For questions related to conversation or speech

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1answer
34 views

How to answer the greeting “What's the story?”

I have a lot of Irish coworkers that often greet me by saying "What's the story?" What's a good way to answer to this greeting? Also, does this ever get used in the UK, US or Australia?
0
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0answers
31 views

How to ask for a reply from a senior manager [closed]

I am in the process of setting up an informational interview with a director of a company. I messaged them on LinkedIn 10 days ago. Last part of the message is: I would greatly appreciate if you ...
6
votes
2answers
81 views

What is the proper response to “Excuse my language”?

What is the proper response to "Excuse my language"? I don't want to say "not a problem", because honestly, it is a problem. However, I can't think of any other appropriate response. I'm looking ...
0
votes
0answers
57 views

“Not self-conscious at all.—No, that's a big part of it.” What does it mean? [migrated]

I am not a native English speaker and have been studying English. I was watching "Casual", and I didn't understand what they were talking about. Alex asked Leon to have sex with two women. However, ...
1
vote
2answers
109 views

Is there a word for talking without moving your mouth?

I don't mean Ventriloquism exactly, I mean talking around what you may already have in your mouth... For instance say you put something gross in your mouth and ask if its okay to spit it out. ...
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votes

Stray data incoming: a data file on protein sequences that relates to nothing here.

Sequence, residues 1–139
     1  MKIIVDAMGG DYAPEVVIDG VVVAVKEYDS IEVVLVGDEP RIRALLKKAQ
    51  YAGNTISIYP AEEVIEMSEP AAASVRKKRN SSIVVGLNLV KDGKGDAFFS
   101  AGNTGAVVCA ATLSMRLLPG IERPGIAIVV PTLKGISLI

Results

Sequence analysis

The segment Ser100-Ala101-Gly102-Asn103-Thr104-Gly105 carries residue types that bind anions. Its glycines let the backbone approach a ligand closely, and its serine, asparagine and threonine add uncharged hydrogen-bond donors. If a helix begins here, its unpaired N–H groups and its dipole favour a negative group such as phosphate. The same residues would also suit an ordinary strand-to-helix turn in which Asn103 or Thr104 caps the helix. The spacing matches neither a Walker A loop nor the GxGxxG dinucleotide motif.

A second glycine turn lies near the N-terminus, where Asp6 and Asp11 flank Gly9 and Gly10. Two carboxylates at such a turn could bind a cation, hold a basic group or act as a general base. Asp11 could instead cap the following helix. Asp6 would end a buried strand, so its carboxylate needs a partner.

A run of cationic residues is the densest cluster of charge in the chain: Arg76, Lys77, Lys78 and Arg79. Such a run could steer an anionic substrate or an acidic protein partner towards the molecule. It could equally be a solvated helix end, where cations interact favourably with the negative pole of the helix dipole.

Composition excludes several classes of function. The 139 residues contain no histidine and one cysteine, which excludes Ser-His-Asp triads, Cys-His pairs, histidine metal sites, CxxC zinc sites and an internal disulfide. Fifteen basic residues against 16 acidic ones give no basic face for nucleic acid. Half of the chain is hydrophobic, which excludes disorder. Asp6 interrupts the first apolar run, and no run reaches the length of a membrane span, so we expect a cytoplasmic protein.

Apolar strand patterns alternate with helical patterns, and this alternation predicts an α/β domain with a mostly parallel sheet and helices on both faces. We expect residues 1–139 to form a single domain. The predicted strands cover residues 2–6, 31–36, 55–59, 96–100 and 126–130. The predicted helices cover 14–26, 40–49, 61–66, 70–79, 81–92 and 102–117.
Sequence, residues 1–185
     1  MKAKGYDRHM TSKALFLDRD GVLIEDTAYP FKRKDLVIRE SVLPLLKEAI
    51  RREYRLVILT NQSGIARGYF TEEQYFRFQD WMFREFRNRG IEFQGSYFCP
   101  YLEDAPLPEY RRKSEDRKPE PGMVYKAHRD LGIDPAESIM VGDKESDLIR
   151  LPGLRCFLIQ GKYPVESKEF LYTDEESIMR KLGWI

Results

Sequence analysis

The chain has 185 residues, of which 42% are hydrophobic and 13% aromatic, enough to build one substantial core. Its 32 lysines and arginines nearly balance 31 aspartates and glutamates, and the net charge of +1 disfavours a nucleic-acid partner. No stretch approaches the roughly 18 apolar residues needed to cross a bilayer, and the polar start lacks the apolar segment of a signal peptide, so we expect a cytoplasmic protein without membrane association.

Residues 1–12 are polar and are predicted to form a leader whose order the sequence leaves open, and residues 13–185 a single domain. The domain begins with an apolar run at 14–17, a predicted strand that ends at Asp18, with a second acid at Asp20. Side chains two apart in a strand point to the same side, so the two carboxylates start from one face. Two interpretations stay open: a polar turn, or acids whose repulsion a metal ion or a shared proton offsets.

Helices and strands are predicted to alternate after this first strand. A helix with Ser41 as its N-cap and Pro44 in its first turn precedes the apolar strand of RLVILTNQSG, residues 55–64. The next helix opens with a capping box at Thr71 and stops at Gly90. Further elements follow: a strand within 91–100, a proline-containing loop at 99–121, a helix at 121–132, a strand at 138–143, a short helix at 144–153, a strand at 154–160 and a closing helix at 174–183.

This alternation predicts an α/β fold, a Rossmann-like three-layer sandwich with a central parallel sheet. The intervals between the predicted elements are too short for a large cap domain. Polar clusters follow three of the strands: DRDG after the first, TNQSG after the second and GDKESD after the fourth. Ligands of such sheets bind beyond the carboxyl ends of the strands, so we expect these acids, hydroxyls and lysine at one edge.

3answers
64 views

a word where character reply in single sentence which increase the intensity of the conversation [closed]

Soliloquy and monologue I know of these but I can't seem to remember this word which frustate me …
1
vote
1answer
853 views

“Yes, Please” vs “Yes, Of course”

I have heard people saying: Que: Can I use your pen? Ans: Yes please. and also Que: Can I use your pen? Ans: Yes Of course. I wanted to know if there is any difference between these two ...
2
votes
1answer
61 views

Good night for greeting [duplicate]

Is it appropriate to use Good night for saying hello? I've heard that a person in a movie said good night for greeting, is it OK?
1
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2answers
80 views

Are there any rules for missing words in English questions or affirmative statements?

In some sentences we don't use some words: For example: Instead of: "Do you want a ride?" We say: "Want a ride?" Instead of: "I'm just coming. Hang on!" We say: "Just coming. Hang ...
1
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4answers
263 views

Opening-conversation for requesting a service over the phone